Soon after its release in September 2000 on the band's own Vibro-Phonic label, the Jigsaw Seen's Zenith garnered a lot of attention, much of it derived from its inventive packaging, which was nominated for a Grammy in the best recording package category. The innovative cover art -- co-designed by lead guitarist/group co-founder Jonathan Lea and Grammy-winning art director Rachel Gutek -- featured a die-cut that revealed the compact disc inside the digipack; rotating the CD showed 11 different classic TV images on a TV screen. Although the clever artwork was worthy of praise, the group's music on that shiny disc deserved to be praised just as highly. The Jigsaw Seen -- the longtime L.A. favorites formed there in 1986 -- began recording the tracks for this release back in 1995, but Lea and co-leader Dennis Davison (who paid for the recordings themselves) didn't finish recording and mixing the album's 11 tracks until 1999. Its release was a long time coming, fully nine years after their full-length debut, Shortcut Through Clown Alley, was issued by the now-defunct New Jersey-based Skyclad label. Zenith reveals Davison and Lea's remarkable range of influences, which include '60s and early-'70s bands and artists like Arthur Lee's Love, the Kinks, the Pretty Things, Big Star, early Bee Gees, and pre-glam David Bowie. Davison and Lea -- both accomplished musicians -- experimented by introducing an astonishing array of instruments (including mellotron, stylophone, Optigan organ, analog synth, and E-Bow). They were, from time to time, also assisted by guest musicians, including D.J. Bonebrake (ex-X, ex-the Knitters) on vibes and percussion and Danny McGough (of Shivaree and Tom Waits' touring band) on harmonium. Highlights abound, from the Big Star-influenced opening track, "Letter to the Editor," accented by roaring 12-string guitar and Kristian Hoffman's sublime piano. "Celebrity Interview" is charged with loud guitars, Hammond organ, and prickly pizzicato strings. Another key Jigsaw Seen tune, "Fiddlesticks," finds them in an introspective minor-key mood, with Bonebrake's wood block highlights providing a sound not often heard in this genre. Other highlights include the Gene Clark-ish "Girl on a Red Velvet Swing" and the hauntingly sober and beautiful "If My Eyes Offend You," which combines medieval and somber folk themes. The album comes to a resounding climax with "Big Hand," a dolorous epic of mellotrons, harmonium, piano, and white noise/static.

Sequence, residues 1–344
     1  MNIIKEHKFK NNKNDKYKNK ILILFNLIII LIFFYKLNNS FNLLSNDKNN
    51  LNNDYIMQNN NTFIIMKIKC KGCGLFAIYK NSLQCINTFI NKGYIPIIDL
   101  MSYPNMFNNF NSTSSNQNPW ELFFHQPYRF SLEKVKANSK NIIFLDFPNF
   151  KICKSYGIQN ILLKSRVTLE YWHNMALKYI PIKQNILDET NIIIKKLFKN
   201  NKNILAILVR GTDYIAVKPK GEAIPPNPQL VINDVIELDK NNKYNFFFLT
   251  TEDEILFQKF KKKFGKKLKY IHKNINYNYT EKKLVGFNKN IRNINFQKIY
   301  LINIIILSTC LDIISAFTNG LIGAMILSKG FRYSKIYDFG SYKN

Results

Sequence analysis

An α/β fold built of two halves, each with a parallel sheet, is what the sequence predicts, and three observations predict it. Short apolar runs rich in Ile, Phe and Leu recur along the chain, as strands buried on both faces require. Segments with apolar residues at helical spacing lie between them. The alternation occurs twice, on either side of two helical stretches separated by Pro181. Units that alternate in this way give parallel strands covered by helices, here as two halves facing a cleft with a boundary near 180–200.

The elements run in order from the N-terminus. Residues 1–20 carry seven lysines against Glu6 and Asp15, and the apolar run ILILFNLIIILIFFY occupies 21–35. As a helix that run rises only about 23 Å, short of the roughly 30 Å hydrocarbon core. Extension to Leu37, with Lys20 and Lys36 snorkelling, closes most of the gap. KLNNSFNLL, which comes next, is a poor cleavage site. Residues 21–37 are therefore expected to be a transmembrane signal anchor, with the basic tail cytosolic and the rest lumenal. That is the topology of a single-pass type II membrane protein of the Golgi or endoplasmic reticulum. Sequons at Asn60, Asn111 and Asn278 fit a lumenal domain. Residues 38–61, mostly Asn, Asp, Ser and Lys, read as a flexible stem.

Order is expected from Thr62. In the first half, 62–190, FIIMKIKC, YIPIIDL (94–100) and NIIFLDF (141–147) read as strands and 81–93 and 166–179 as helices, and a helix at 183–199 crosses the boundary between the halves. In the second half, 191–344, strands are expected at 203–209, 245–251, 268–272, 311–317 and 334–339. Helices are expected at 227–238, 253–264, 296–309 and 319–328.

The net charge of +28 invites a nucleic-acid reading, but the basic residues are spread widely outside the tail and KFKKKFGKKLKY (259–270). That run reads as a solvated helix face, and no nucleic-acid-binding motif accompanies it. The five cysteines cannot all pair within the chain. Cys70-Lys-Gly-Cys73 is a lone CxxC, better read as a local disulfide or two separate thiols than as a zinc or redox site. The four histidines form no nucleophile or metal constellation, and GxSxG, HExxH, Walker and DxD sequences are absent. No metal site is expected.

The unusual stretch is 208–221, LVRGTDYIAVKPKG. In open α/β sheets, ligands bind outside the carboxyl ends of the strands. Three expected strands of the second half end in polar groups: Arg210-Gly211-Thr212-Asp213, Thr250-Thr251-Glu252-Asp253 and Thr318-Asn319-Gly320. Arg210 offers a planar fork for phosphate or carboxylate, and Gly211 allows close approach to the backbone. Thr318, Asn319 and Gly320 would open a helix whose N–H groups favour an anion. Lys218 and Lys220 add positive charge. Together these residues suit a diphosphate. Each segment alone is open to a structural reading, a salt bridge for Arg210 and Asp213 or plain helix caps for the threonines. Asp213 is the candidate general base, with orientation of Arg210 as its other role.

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AllMusic Review by Bryan Thomas